The next day, in the fishing port of Ullapool, we took our first non-two-wheeled form of transport since the train ride, boarding the Caledonian MacBrayne ferry and crossing a channel, with the Dr. Seuss-like name of The Minch, to Stornoway, on Lewis, the northernmost island in the Outer Hebrides. Our plan was to ride from Lewis to Harris (joined to Lewis by a narrow isthmus), catch another ferry to North Uist, cycle down that island and across the causeway that connects it to Benbecula, cross Benbecula and the causeway connecting it to South Uist and then down that island. From the bottom of South Uist, we’d take our last ferry, to the southernmost Hebridean island of Barra. Here we wouldn’t cycle--it’s too small for much of a ride--but would transfer to another ferry to sail back across The Minch, past the Island of Mull, alighting finally at the mainland port of Oban.
WE SET OFF FROM STORNOWAY ON A SATURDAY MORNING, THE ONLY DAY of our journey on which we encountered truly miserable weather. In the distance, we could see boats being tossed about by gale-force winds. Cyclists hardly fared better. I suggested to Haddon that we lay over in Stornoway and wait out the storm. However, the challenge of riding in a gale was too much for Haddon to resist. And so, wrapped in squall gear, we confronted the elements.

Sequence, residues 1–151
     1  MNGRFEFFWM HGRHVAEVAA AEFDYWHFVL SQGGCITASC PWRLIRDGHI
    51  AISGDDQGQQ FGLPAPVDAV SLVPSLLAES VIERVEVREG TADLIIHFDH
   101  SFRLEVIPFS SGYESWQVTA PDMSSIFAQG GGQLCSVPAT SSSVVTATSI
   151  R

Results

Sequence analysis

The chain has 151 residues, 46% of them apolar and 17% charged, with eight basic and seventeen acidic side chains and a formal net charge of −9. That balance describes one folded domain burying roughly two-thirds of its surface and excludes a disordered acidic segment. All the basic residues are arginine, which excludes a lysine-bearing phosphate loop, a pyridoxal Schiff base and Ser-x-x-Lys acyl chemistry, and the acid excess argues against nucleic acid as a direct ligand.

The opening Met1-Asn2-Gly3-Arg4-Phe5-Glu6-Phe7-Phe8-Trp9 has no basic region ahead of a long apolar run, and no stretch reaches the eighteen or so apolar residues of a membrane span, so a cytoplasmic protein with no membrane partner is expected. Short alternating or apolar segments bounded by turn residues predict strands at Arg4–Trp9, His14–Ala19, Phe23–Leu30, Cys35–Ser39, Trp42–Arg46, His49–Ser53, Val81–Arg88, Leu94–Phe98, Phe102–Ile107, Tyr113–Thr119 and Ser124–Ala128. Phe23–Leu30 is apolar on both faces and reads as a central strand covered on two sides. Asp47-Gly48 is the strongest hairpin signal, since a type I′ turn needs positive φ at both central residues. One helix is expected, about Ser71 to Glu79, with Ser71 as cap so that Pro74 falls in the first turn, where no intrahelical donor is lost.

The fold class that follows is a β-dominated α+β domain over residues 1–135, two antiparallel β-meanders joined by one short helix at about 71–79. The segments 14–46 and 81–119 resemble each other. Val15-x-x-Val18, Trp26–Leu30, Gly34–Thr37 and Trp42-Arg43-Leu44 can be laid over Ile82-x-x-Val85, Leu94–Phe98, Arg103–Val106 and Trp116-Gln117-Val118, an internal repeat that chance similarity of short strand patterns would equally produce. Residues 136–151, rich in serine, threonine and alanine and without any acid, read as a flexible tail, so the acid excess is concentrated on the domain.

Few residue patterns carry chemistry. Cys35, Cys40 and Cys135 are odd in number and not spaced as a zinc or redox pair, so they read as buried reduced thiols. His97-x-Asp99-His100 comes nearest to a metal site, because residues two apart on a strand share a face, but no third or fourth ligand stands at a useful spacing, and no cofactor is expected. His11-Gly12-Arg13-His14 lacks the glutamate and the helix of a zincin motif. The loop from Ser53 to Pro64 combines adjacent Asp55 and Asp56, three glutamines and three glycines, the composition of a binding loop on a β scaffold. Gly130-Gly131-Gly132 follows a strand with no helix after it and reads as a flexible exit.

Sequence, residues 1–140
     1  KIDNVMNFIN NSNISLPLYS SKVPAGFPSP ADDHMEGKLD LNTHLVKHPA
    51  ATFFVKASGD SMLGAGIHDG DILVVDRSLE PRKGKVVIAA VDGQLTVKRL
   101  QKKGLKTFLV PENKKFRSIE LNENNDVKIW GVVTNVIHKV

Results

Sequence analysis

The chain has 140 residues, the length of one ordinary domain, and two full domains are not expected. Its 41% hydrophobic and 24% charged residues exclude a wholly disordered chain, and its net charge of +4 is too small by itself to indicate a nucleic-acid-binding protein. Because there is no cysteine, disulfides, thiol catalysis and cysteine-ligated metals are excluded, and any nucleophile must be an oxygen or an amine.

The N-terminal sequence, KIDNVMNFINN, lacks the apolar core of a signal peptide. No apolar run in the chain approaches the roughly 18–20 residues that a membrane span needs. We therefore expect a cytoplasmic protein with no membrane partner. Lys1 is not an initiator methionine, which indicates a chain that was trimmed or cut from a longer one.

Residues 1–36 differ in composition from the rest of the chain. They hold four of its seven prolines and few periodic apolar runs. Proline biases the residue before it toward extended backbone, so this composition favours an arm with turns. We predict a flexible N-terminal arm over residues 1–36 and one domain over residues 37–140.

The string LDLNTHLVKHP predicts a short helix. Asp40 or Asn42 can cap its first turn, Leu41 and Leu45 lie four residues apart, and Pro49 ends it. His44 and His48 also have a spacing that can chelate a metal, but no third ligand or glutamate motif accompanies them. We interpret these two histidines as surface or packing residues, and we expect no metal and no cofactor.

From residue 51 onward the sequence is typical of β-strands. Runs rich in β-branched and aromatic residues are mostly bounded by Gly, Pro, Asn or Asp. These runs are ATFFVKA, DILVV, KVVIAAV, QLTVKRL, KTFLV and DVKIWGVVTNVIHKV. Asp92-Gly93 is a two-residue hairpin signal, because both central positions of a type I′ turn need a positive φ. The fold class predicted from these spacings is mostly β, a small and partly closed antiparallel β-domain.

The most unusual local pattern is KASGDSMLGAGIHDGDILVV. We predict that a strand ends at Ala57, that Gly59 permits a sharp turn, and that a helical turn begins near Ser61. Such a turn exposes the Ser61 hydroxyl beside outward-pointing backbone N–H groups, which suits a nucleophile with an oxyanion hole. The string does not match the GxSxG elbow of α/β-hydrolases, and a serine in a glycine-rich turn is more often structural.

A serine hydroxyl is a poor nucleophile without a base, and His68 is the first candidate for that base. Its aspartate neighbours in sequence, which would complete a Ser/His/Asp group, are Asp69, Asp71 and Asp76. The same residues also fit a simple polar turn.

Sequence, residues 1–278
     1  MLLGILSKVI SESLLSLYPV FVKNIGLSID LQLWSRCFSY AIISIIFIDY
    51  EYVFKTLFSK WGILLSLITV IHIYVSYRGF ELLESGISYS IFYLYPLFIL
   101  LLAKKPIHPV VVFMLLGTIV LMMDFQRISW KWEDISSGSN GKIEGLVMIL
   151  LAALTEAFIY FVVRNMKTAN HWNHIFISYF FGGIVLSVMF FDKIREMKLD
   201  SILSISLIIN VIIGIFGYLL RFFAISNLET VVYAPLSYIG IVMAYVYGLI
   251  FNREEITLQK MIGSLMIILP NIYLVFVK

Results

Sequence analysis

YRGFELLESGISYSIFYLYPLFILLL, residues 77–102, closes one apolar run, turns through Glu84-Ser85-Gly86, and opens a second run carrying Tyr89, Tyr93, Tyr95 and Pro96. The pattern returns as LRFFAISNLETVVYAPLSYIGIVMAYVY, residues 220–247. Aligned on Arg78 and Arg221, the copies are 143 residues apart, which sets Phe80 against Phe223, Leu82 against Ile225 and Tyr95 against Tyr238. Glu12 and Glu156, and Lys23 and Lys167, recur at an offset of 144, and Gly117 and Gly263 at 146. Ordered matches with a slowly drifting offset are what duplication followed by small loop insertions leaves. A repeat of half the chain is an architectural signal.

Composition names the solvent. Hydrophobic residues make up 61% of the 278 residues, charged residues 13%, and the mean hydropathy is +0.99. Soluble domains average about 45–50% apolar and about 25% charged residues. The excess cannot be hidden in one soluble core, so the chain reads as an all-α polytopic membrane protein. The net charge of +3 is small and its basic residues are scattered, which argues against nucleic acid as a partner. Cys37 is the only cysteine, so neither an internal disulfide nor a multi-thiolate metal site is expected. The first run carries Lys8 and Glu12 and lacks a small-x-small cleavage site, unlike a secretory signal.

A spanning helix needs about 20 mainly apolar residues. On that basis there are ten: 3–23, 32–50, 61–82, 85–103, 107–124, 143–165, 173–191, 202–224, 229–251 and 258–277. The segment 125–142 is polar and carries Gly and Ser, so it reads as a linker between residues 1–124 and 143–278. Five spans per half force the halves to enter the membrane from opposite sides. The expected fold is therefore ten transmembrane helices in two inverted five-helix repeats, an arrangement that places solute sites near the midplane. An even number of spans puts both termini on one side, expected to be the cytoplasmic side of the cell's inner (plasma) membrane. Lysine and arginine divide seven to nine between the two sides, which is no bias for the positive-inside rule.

Our destination was a village on the west coast of the island, called Barvas. Even though the more direct road to Harris went south, we took the circular route so as to see the 5,000-year-old rocks at Callanish, which look just like Stonehenge in miniature. For the distance, a full 12 miles, we were accompanied by a head-on wind and a persistent fine rain, a combination that left not a single part of our bodies or possessions unsodden. When we arrived at last in Barvas, we decided to stay at a B&B--both; because barns are scarce on these islands and because, frankly, we needed some pampering. Without too much trouble, we discovered Mrs. MacDonald’s, and before you could say, “Failte d’on Ghaidhealtachd,” she’d gathered up our wet clothes, put them in front of a peat fire in the living room to dry and brought us tea and biscuits.